Late Nights in the Lab

Eat breakfast, go to lab; eat lunch, go to lab, eat dinner, go back to lab. You see the pattern? Going out to the field, late hours in the lab, getting my experiment ready, getting pumped for whale watching or going out on the Centennial is all just another week in the Friday Harbor Labs (FHL). When this is the same schedule twenty others share with you it doesn’t seem as hard of a schedule. Especially when the sun doesn’t go down until ten at night, you get used to the work hard and play hard cycle that everyone seems to adopt when they come here.

My name is Deanna and I’m one of three students working with Molly this summer. My project is on Botrylloides violaceus which is an invasive here in the United States on both coasts. It originally came over from Japan and was first spotted in the 70’s here in the San Juan Islands. These sea squirts are a member of the fouling community and are pretty abundant at several harbors here in Washington. We went collecting on Tuesday last week and we found a lot at Roche Harbor (RH) and Fisherman’s Bay (FB) which are two of my field sites. We also saw a small colony of them at Cattle Point in the tide pools when we went one weekend. What I’m looking at with these guys is to see if they have any acclimation to local environmental conditions. This is important to look at because this invader is not found in some harbors (like the FHL docks) but is very abundant at others (FB). It would be interesting to find out which conditions they favor in order to see which harbors might be at greater risk of getting invaded.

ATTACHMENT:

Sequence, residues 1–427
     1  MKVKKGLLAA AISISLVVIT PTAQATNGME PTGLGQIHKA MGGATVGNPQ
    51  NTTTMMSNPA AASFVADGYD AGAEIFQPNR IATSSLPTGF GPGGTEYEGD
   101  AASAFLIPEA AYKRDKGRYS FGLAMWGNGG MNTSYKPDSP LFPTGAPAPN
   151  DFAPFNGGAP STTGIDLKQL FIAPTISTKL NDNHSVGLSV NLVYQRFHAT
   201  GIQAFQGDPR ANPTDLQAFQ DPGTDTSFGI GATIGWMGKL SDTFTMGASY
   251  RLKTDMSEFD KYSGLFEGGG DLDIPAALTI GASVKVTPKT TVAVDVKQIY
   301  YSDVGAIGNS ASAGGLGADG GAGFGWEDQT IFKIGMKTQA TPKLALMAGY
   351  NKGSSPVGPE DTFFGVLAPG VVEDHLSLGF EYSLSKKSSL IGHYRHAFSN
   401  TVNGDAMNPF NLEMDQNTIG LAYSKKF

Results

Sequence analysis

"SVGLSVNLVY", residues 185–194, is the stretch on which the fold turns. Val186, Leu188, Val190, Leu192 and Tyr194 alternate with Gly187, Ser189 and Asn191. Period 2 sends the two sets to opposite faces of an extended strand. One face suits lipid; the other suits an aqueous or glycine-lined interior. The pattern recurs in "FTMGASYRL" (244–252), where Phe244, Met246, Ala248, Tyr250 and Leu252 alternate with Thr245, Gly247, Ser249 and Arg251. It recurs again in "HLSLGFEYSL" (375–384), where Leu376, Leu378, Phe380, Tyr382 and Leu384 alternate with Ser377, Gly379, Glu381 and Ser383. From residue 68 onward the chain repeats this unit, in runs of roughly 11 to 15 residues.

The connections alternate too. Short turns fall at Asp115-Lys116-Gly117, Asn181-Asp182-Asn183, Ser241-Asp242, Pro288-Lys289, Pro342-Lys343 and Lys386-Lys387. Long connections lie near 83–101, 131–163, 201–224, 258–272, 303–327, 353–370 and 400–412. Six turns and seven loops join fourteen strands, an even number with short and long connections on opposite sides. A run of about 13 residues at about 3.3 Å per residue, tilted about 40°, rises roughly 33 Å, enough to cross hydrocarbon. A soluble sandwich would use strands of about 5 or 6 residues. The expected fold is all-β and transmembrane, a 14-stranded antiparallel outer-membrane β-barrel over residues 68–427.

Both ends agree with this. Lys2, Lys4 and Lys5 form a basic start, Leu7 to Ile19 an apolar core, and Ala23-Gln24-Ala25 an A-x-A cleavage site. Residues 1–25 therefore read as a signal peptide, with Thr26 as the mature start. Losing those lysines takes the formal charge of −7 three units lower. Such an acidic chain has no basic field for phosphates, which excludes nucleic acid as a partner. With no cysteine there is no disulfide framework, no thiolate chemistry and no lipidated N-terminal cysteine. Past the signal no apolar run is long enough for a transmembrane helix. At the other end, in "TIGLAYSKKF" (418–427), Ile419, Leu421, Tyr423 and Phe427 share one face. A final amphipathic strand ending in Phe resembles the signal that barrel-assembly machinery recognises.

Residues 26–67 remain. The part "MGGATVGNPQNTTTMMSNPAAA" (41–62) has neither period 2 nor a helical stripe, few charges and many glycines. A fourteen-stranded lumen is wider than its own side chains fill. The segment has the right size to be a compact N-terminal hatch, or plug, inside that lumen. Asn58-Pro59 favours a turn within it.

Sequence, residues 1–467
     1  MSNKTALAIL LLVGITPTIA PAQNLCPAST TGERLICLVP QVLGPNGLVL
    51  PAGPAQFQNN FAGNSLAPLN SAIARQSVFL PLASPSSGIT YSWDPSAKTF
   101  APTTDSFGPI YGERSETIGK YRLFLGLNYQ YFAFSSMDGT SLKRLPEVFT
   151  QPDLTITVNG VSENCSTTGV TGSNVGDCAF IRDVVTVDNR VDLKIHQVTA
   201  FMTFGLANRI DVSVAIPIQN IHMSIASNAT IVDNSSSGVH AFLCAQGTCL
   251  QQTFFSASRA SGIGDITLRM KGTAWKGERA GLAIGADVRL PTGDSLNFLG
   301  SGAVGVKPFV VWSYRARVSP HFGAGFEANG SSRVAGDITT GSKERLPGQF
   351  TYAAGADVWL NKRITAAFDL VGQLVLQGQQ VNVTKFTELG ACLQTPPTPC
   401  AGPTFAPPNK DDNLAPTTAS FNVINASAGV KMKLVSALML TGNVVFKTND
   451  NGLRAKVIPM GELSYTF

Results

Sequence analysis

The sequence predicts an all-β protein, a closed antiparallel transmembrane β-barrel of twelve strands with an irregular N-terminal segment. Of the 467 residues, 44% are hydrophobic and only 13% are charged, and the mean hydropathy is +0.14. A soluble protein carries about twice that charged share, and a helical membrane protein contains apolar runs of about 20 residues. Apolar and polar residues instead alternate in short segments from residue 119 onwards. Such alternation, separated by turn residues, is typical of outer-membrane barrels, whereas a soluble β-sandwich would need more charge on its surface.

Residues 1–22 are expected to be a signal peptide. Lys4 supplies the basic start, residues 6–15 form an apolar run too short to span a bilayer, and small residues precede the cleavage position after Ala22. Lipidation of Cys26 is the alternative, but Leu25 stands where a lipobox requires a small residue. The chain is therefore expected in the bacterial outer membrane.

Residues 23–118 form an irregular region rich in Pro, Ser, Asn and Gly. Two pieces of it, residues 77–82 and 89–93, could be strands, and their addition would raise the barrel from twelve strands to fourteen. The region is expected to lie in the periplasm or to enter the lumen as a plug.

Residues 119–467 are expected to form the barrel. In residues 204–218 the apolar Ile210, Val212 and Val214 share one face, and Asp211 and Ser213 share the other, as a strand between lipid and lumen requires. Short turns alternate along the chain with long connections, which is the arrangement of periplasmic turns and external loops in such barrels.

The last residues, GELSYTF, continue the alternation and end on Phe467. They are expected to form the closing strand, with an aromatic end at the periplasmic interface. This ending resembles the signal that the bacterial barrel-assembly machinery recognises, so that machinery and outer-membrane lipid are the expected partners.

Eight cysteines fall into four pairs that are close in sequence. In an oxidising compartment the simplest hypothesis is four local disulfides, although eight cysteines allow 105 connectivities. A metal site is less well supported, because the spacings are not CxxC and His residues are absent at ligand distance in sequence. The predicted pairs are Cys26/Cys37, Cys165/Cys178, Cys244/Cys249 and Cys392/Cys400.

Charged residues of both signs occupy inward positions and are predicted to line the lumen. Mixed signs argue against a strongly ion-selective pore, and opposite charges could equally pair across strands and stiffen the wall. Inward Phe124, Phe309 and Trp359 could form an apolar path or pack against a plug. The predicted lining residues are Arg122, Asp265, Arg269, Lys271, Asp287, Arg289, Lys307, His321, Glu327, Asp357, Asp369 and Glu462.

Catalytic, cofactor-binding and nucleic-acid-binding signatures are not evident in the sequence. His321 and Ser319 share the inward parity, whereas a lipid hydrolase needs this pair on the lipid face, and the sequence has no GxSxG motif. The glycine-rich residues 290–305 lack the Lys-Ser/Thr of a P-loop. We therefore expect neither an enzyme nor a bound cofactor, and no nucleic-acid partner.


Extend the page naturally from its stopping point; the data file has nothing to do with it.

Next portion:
This last week was really exciting as we prepped petri dishes containing juvenile Botrylloides violaceus for the field. After all the little guys were settled on the dishes we attached them to pvc trays submerged in 12°C seawater . . . while the plates were upside down. That was challenging and Molly and I worked late into the night/morning getting everything ready for deployment the next day.

With six hours or so of sleep we started up again later in the morning. We took the Coot (one of the four motor boats available for research) out to Fisherman’s Bay and hung the first of three of my contraptions. It was actually really good conditions for deployment because it was overcast. You would think that having a sunny day would make it better, but with the clouds it kept the trays cool while we assembled them in the field.

After hanging the one out at FB we headed back to the labs for lunch. In the afternoon we hung one off of the FHL docks and then took our sweet Ford Truck out to RH to hang the third and final tray. So now, my experiment has officially begun and we’ll be checking on it this Friday!

That’s all for now guys. We’ll be sure to keep you updated!

One thought on “Late Nights in the Lab

  1. Sounds great, Deanna! I heard a news story on NPR a few weeks ago about newer invasives from Japan arriving on debris from the tsunami. Has that been a topic of discussion among any of the researchers there? Keep up the great work and I can’t wait to hear about it when you guys are back at McDaniel.

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